Mammoth Cave A big surprise for many is the mammoth fun above ground. Kentucky’s largest national park offers canoe-camping along the gentle Green River, a horsefriendly camping location and trails, as well as the new Big Hollow Mountain Bike Trail. EAT: Even if your eyes haven’t adjusted to the light on the surface yet, follow your nose to the Travertine Restaurant’s great fried chicken.
Tech-Savvy Traveler: Weekend warriors are cramming into their minivans as millions of Americans hit the roads this summer. Loading a few cellphone apps before the trip can be just as important as grabbing sunscreen or putting ice in the cooler. The Oh, Ranger! app by Ford will turn anyone into an explorer, searching by activity in state and federal parks. Parents of fearless thrill-seekers will want quick access to first-aid information, such as the American Red Cross app.
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Photo courtesy of National Park Service
By Robert Thatcher
BIG SOUTH FORK NATIONAL RIVER & RECREATION AREA Grand gulfs, serious stargazing Leaving cave country, we drive up 1,000 feet to the Cumberland Plateau — the rugged tableland creased with spectacular gorges and home of Big South Fork National River & Recreation Area, straddling the Kentucky-Tennessee border. At 125,000 acres, there’s plenty to explore. Visitors can travel 420 miles of trails by foot, bike or horseback. Those are also the only ways you can get to Charit Creek Lodge. Accessible by three trails under 5 miles, Charit Creek is one of the few hike-in lodges in the country. Your trek is rewarded by a family meal and lodging in a circa-1800 cabin. With no phone service, Charit Creek offers a rare chance to look up from handheld devices to see how bright the night sky can be. Make reservations in advance. Big South Fork has other cool ways to enter the park without driving. Ride the Big South Fork Scenic Railway from Stearns, Kentucky, to a restored mining town and trailhead. Or hike in from historic Rugby, Tennessee, an experimental utopian colony built in the 1880s. The experiment failed, but Victorian buildings remain. Mountain bikers should cruise the Grand Gap Loop — one reason this national recreation area is the only one ranked an “epic ride” by the International Mountain Bicycling Association. EAT: Schedule a family-style dinner at Charit Creek Lodge.
Zipline at Red River Gorge
Photo courtesy of Red River Gorge Zipline Tours
Mist and Moonbows Head north on the plateau into the Daniel Boone National Forest to some of the most rugged terrain west of the Appalachians. Cumberland Falls State Resort Park near Corbin, Kentucky, offers a great overlook of the 200-foot-wide “Niagara of the South.” But on a trip about action, why not feel the mist on your face? Sheltowee Trace Adventure Resort, 5 miles east, will float you from the base of the falls down the Cumberland River’s Class III rapids. Cumberland Falls has great campsites — from primitive to RV-ready. But after a day of getting soaked, a better option is sitting by the big stone fireplace in the historic DuPont Lodge. This sandstone lodge offers a cozy break beneath rustic hemlock beams. If you visit when there’s a full moon and clear sky, you may be lucky enough to see the falls’ trademark Moonbow. The misty nocturnal arch extends downstream from the falls and is a rare sight in the western hemisphere. EAT: The lodge’s Riverview Restaurant offers a fine Southern buffet and magnificent views.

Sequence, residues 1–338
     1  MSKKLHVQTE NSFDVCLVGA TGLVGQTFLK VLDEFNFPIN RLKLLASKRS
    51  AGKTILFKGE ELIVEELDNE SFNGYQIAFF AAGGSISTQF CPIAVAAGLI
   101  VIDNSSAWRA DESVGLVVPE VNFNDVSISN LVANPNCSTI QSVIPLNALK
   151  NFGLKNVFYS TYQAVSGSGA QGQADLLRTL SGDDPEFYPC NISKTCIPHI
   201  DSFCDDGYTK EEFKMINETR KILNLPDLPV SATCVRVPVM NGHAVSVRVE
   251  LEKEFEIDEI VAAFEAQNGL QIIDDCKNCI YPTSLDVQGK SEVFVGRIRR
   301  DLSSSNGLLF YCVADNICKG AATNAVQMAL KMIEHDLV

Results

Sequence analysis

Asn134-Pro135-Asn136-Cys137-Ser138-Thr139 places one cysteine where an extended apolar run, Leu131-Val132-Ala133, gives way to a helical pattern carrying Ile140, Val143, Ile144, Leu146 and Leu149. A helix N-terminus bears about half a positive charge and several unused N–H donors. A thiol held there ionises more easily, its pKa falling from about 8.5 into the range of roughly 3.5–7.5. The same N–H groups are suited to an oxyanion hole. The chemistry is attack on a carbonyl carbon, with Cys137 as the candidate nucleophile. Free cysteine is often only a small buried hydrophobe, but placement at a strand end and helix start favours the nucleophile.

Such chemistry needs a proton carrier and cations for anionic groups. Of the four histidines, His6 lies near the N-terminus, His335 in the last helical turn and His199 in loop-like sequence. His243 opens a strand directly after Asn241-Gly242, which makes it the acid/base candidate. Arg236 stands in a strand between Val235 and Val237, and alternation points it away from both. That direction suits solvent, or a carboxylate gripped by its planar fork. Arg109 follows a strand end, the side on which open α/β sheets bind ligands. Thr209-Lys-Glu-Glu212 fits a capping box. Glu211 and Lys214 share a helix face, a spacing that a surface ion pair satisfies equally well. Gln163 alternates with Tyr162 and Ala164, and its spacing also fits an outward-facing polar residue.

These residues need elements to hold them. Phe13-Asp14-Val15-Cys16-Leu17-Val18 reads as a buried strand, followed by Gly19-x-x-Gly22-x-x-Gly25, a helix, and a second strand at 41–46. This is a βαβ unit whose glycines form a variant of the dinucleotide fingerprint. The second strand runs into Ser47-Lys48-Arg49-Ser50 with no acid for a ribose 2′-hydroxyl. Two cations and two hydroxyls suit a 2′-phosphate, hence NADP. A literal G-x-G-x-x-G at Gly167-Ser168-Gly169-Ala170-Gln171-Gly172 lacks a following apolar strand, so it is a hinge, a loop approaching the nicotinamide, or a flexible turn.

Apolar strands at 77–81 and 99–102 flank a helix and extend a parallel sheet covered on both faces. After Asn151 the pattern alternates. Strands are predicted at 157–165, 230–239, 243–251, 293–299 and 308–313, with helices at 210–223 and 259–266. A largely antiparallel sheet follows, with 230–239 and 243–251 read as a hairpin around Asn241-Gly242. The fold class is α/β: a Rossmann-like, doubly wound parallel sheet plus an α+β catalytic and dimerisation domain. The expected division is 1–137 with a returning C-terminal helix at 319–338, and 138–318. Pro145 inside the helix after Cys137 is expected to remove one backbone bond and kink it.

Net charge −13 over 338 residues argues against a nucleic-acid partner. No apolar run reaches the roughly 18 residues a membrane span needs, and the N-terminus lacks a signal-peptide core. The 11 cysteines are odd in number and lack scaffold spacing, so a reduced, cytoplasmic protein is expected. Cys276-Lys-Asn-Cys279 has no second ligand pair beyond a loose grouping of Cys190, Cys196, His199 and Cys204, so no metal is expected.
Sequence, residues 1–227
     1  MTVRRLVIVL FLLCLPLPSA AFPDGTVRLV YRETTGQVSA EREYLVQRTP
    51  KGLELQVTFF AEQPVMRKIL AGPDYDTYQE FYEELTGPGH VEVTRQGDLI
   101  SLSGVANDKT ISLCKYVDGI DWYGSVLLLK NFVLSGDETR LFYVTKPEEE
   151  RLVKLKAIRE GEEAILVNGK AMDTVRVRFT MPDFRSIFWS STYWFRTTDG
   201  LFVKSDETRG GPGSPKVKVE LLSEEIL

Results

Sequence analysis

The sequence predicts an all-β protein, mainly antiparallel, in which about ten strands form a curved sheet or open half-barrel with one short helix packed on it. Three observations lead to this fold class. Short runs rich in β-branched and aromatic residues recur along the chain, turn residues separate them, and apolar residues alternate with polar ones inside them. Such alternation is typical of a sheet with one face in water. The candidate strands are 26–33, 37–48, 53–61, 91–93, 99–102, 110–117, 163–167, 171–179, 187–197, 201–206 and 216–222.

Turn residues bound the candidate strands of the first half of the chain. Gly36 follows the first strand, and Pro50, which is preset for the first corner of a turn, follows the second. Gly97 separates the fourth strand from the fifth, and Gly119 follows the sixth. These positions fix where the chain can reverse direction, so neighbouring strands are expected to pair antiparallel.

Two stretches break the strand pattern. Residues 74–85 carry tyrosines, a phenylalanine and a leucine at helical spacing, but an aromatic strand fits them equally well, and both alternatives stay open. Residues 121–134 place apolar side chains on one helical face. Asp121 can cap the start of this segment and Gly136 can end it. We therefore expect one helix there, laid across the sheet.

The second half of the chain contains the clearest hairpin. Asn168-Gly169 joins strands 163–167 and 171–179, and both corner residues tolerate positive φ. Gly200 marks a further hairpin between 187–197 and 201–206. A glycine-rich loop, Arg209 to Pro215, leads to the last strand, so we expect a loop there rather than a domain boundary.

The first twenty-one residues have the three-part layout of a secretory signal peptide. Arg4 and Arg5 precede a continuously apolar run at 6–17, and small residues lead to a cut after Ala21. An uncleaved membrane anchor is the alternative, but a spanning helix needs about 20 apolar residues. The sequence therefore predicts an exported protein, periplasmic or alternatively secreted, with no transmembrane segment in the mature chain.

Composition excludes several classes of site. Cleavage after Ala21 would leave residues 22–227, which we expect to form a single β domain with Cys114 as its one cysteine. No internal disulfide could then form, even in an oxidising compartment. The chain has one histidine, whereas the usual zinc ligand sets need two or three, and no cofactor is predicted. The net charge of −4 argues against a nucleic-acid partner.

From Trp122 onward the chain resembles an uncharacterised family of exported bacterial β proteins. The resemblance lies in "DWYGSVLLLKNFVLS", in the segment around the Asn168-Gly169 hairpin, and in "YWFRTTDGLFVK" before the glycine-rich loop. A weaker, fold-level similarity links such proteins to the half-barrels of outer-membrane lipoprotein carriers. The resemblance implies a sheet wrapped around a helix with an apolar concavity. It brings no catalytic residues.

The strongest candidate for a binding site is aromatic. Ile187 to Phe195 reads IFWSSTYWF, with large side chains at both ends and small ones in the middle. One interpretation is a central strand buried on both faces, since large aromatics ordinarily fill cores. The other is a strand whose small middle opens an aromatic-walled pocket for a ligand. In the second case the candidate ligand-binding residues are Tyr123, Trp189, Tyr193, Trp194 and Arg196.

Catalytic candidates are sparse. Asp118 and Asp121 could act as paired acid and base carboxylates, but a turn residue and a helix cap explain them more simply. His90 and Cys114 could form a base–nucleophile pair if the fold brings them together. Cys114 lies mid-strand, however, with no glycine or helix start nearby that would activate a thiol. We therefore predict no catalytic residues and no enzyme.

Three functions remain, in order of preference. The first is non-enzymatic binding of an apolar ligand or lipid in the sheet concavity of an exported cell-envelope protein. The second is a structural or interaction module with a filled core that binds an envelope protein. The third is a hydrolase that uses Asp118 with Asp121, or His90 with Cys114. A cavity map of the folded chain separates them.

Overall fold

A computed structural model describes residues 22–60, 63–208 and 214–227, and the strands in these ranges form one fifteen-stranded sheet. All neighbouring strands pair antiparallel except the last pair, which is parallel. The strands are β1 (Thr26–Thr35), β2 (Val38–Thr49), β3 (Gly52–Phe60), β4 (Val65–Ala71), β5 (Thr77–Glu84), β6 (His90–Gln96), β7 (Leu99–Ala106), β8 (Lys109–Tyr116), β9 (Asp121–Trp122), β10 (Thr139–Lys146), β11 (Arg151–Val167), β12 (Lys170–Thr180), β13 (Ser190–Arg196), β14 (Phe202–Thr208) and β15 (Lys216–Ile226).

Photo courtesy of Sheltowee Trace Adventure Resort
Big South Fork Overlook
Photo courtesy of National Park Service
CUMBERLAND FALLS STATE RESORT PARK
RED RIVER GORGE Climb the soaring cliffs We began the trip underground — and end it in the sky. Traveling north to the Red River Gorge, we see the sandstone cliff lines that attract rock climbers worldwide. The good news is that you don’t have to be one of the many chalk-stained pilgrims to enjoy “the Red.” Torrent Falls Climbing Adventure lets non-climbers experience the thrill with the only “via ferrata” in the U.S. Created to ferry troops across Italian mountains, this system of cables and iron rungs makes it easy for anyone (ages 10 and up) to traverse the resort’s horseshoe canyon. No worries if vertigo keeps you off the cliffs. Nearby Natural Bridge State Park features hikes past majestic arches, rock shelters and wildflowers that grow nowhere else on the planet. Don’t miss the 6-mile Courthouse Rock and Double Arch Trail, or the half-mile Chimney Top Overlook. But what if these cliffs whetted your appetite to go higher? Red River Gorge Zipline Tours will provide the adrenaline rush you need. This five-line tour zips you at 55 miles per hour 300 feet above Cowan Fork Gorge. So end your trip with a WHHOOOOOSH! EAT: Enjoy pizza and buy a T-shirt at Miguels, where serious climbers go to eat and camp.
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College credits in high school Spotlight
Giving Owsley County students an advantage
Editor’s note: This story is the third in a series of articles that will highlight PRTC’s Smart Rural Community award from NTCA—The Rural Broadband Association.